Friday, 1 March 2013

Just In Time... for an AMRAAM

As so often happens with this blog, I keep getting distracted from planned work by things that pop up on the fly. One of those - and the subject of today's article - is the revelation that a US Air Force cadet has figured out how to save the USAF $4.9 billion over the next five years by altering the way it purchases some of its air to air and air to surface missiles.
The article on which can be found here suggests that the cadet (on a summer internship) calculated that the air force could reap the significant savings buy purchasing items in bulk orders, utilising the full production capability of the manufacturer, instead of the drip feed of orders that is common to defence all across the world.

As the editor of the piece points out in his snippet at the end, bulk purchasing is hardly a revolutionary concept. And he's right, it's not. The trouble is that today's world is pervaded by a management culture that is detached from reality and that insists on grabbing little bits of other organisations operating methods and trying to implement them, without understanding the whole picture (can you guess my opinion on managers and management culture in general?).

A classic example of this has been the number of organisations that tried to cut costs by moving their helpline services out of street level offices and into centralised call centres (a favourite of banks). The theory was that what worked for sales calls could work for customer service, and relied on the number of calls remaining roughly the same which a centralised office could handle much more cheaply.

The trouble is that every time a big organisation does this, the number of phone calls to the call centre invariably explodes exponentially compared to initial predictions. This is because of a phenomenon first identified in the 1980's by Professor John Seddon, known as Failure Demand

Essentially customers used to ring their local bank and get a satisfactory answer and/or resolution to their complaint first time from an experienced professional. Now they were having to speak to the poorly trained equivalent of a glorified answer phone, which resulted in multiple calls to the call centre in order to get their complaints sorted properly, producing a several fold increase in the number of inbound calls; a problem which was only magnified further by the long waiting times for calls and tight management control over call times and number of calls answered.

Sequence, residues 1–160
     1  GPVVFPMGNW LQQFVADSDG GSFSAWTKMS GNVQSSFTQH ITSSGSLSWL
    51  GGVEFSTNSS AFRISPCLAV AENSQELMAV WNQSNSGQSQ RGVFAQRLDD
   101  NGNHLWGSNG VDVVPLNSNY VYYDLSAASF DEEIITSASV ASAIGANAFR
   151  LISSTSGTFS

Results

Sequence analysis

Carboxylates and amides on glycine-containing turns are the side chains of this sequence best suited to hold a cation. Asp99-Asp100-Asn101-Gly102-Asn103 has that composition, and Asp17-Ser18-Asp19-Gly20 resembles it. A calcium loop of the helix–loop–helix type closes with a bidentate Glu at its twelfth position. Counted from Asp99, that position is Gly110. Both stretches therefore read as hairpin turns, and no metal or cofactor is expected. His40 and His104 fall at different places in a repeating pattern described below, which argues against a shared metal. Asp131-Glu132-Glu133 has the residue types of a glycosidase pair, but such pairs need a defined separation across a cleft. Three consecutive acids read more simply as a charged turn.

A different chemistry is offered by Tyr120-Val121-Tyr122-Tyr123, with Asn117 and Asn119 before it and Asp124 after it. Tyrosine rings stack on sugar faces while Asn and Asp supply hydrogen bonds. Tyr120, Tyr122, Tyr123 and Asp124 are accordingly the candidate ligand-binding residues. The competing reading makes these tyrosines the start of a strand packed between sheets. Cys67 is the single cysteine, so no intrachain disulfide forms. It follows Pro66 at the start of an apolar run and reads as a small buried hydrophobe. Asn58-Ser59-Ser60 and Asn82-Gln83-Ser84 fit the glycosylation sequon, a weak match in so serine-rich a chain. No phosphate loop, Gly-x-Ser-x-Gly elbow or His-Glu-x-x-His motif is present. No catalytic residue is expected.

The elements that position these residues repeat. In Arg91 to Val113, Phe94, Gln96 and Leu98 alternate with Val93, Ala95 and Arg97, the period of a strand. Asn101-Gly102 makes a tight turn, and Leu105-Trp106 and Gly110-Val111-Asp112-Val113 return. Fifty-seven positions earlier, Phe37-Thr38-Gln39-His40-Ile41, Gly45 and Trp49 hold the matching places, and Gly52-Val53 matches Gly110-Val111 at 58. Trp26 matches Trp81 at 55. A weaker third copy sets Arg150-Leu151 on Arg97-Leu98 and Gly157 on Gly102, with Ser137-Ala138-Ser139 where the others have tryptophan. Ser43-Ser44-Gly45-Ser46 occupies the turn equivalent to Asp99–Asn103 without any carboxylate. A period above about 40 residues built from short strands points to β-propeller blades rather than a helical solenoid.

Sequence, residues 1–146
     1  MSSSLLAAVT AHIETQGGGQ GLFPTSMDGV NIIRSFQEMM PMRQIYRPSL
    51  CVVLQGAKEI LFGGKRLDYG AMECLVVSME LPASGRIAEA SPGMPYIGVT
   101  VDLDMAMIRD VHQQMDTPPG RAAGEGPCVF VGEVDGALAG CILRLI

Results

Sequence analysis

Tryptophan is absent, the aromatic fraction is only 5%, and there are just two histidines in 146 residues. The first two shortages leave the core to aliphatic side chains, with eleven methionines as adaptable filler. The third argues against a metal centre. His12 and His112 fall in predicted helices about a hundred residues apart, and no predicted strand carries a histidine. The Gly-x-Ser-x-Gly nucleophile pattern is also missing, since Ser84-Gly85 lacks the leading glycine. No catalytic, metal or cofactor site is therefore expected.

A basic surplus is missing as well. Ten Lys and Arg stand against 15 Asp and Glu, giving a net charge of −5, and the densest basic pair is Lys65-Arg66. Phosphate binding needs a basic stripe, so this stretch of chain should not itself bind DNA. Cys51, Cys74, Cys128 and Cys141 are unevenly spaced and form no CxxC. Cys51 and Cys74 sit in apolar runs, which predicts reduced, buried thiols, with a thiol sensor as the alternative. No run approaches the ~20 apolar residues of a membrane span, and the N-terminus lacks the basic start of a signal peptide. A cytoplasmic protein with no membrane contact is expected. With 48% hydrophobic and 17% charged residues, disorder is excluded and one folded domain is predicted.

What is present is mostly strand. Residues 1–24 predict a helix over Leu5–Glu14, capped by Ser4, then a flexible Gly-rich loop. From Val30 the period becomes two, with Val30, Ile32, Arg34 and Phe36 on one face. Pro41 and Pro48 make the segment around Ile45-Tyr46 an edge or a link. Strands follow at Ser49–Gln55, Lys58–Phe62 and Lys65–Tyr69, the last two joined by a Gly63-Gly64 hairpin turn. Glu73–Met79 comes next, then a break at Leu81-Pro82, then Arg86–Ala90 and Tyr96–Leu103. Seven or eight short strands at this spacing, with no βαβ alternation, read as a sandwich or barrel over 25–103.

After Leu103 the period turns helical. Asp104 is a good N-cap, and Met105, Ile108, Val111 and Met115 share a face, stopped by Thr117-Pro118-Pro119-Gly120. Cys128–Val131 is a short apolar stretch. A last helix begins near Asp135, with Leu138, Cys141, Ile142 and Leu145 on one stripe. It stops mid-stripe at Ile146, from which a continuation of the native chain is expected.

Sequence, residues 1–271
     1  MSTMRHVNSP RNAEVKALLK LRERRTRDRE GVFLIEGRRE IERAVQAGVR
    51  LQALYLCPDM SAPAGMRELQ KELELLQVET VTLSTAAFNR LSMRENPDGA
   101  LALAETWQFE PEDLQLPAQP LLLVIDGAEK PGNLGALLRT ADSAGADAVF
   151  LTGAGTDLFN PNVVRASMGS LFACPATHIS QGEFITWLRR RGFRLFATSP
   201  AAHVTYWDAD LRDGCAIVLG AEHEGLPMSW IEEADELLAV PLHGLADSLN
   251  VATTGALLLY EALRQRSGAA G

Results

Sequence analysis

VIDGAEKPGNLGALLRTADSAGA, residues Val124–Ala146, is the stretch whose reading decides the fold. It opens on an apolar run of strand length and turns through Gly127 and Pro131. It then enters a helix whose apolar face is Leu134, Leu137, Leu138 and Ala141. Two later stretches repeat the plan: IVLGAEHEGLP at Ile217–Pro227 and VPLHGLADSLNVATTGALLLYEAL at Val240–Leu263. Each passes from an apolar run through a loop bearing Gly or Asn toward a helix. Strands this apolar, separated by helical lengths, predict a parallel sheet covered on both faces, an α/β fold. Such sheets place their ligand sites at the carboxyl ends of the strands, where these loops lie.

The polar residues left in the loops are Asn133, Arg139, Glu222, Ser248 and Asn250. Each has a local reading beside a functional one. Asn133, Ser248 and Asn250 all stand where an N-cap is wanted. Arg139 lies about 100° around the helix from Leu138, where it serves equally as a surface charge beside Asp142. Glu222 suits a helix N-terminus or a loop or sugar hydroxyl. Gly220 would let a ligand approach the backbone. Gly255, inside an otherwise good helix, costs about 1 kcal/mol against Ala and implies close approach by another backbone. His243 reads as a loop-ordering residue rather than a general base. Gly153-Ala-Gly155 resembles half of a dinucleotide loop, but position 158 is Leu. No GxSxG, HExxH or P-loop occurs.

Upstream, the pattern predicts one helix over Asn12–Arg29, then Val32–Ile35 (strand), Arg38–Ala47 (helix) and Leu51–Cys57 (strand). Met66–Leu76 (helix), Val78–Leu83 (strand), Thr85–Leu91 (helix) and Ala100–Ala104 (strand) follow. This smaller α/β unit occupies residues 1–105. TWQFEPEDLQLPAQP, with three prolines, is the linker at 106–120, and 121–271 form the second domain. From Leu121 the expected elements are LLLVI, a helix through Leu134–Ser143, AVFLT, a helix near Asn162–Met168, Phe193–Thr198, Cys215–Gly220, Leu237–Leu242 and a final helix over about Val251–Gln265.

(If you work in a call centre, ask your line manager if they know what Failure Demand is. If they don't (they wont), start looking for a new job, for your own sanity).

Another, far more common management process that pervades many aspects of western business culture these days is the principle of lean manufacturing/lean services, and that is what is of interest to us today (so bear with me on this).

The whole "lean process" malarkey (a polite way of saying "bullshit") started in Japan with the Toyota Motor Corporation and their "Toyota Way". This process was designed to reduce waste and inefficiency in their large manufacturing processes, allowing Toyota to grow from a small company into one of the worlds top automotive manufacturers.